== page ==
On behalf of the University of Southern California Dornsife College of Letters, Arts and Sciences and the Los Angeles Times, Greenberg Quinlan Rosner Research, in conjunction with American Viewpoint, conducted a new survey among 1,500 registered California voters. The latest survey shows:
- Californians hopeful that El Niño will ease drought, poll finds.
- Drought is no reason to ease environmental protections, California voters say.
- Calif. voters increasingly squeezed by drought.
- Calif. voters overwhelmingly say voting is important — despite consistently low turnout.
- California Republicans echo U.S. trends, favoring outsiders Donald Trump and Ben Carson.
- California voters sharply disagree on low-cost healthcare for immigrants.
Below you can find articles and stories on findings of this poll:
Drought is no reason to ease environmental protections, California voters say – LATimes
- Calif. voters increasingly squeezed by drought – USC Dornsife
- Jerry Brown’s job approval rating dips, new USC/Times poll shows – LATimes
- Politics at the local level pointless? That’s what many Californians think – LATimes
- Calif. voters overwhelmingly say voting is important — despite consistently low turnout – USC Dornsife
Trump and Clinton are leading presidential contenders among their parties in California – USC Dornsife
California Republicans echo U.S. trends, favoring outsiders Donald Trump and Ben Carson – LATimes
Greenberg Quinlan Rosner Research, in conjunction with American Viewpoint, conducted this survey on behalf of the University of Southern California Dornsife College of Letters, Arts and Sciences and the Los Angeles Times. These findings are based on a random sample survey of 1,500 (1,500 weighted) registered voters in the state of California, conducted from August 29 – September 8, 2015. Interviews were conducted by telephone using live interviewers from Interviewing Services of America. Voters were randomly selected from a list of registered voters statewide and reached on a landline or cell phone depending on the number they designated on their voter registration. Fifty-five percent of this sample was reached on a cell phone. Up to five attempts were made to reach and interview each randomly selected voter.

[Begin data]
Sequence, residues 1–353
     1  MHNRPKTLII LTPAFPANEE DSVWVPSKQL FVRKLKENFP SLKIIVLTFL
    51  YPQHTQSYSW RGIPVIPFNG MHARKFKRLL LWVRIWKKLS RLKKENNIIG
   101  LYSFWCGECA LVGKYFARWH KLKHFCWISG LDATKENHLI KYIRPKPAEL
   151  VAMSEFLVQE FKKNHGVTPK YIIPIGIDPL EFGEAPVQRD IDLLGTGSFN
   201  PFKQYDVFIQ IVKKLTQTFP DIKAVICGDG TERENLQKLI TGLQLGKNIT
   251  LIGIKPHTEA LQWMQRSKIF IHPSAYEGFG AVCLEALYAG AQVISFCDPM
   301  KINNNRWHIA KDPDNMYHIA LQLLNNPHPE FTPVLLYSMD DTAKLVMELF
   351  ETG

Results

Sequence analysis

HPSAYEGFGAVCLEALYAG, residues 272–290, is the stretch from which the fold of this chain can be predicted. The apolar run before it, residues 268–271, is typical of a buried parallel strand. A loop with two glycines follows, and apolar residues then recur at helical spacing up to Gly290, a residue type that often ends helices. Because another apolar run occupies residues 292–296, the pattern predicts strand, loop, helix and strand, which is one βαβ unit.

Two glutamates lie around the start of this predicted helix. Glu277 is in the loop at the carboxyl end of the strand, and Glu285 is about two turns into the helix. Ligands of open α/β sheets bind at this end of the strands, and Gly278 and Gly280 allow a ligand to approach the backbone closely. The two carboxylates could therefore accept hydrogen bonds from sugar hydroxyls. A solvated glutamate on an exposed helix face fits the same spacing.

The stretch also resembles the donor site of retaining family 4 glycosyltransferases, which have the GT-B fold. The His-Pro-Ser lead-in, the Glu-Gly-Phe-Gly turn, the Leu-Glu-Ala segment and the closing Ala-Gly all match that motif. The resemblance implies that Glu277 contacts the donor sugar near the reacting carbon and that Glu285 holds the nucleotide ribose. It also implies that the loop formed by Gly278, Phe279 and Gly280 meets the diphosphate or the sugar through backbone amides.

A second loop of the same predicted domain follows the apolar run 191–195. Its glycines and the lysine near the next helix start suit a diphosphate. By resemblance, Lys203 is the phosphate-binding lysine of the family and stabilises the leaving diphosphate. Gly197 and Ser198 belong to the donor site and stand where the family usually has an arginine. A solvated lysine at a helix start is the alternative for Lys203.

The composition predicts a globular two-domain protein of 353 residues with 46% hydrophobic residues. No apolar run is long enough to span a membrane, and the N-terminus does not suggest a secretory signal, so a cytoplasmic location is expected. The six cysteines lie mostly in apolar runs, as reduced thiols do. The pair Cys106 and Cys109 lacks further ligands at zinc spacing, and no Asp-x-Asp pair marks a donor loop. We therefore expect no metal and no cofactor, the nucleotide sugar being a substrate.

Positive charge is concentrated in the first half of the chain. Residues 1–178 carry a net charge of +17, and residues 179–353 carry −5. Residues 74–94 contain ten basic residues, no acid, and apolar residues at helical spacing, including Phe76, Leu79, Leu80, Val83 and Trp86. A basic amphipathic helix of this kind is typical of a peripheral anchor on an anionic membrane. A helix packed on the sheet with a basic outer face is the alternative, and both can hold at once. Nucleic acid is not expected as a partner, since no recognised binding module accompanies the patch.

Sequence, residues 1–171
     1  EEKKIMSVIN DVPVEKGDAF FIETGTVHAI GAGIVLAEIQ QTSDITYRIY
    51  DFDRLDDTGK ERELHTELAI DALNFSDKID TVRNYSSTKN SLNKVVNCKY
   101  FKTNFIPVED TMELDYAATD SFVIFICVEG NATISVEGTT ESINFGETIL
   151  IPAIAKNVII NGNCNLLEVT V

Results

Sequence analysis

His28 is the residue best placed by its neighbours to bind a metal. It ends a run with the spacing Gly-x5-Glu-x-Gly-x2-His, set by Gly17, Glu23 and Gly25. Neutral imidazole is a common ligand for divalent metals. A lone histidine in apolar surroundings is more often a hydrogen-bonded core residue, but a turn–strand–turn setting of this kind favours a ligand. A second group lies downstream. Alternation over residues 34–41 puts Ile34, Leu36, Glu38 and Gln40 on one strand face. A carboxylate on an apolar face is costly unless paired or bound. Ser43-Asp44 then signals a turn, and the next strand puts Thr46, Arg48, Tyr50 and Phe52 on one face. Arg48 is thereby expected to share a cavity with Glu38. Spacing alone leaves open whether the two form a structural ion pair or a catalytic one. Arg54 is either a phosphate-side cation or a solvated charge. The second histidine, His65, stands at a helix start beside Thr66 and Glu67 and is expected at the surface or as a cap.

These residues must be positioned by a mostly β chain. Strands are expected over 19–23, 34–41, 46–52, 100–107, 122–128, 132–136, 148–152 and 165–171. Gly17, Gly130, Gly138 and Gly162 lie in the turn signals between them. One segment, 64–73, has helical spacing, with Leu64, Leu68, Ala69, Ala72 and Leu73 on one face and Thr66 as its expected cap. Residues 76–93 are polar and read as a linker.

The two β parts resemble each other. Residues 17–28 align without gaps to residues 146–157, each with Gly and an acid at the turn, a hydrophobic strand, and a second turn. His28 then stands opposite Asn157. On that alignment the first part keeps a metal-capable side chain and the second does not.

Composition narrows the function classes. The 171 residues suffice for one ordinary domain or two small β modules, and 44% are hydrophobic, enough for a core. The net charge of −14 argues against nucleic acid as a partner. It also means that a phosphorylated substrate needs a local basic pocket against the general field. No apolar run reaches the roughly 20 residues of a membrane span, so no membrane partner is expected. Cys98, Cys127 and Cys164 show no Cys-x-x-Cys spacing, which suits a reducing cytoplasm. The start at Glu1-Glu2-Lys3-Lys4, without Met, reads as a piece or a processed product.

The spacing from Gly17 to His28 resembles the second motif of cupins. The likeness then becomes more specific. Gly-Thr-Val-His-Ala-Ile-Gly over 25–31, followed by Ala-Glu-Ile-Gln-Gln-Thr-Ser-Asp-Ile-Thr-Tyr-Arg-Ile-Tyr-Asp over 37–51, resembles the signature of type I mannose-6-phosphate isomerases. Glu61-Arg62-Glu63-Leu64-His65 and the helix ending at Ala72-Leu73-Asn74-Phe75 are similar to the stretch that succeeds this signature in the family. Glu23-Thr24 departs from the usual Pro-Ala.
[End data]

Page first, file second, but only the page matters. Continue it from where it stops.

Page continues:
The study includes an oversample of 400 known-Latino registered voters, with the total number of Latino voters interviewed at 515 (360 weighted). All interviews among known Latinos were carried out via telephone by bilingual Latino interviewers, and conducted in the preferred language of the survey respondent, English or Spanish. Overall, 31 percent of interviews among the known Latino sample were conducted in Spanish and 69 percent in English. The technique of using fully bilingual interviewers yields higher response and cooperation rates and is greatly preferred because it does not terminate calls with Spanish-language households and require a callback.
Upon completion of all interviewing, the results were weighted to bring the Latino oversample population into line with the racial and ethnic composition of registered voters in California. The data was weighted to reflect the total population of registered voters throughout the state, balancing on regional and demographic characteristics for gender, age, race, and party registration according to known census estimates and voter file projections from several distinct voter files.
The maximum sampling error for the overall sample of 1,500 registered voters is +/- 2.8 percentage points at the 95 percent confidence level. The margin of error for subgroups is higher. The margin of error for Latinos is +/- 4.6 percentage points at the 95 percent confidence level.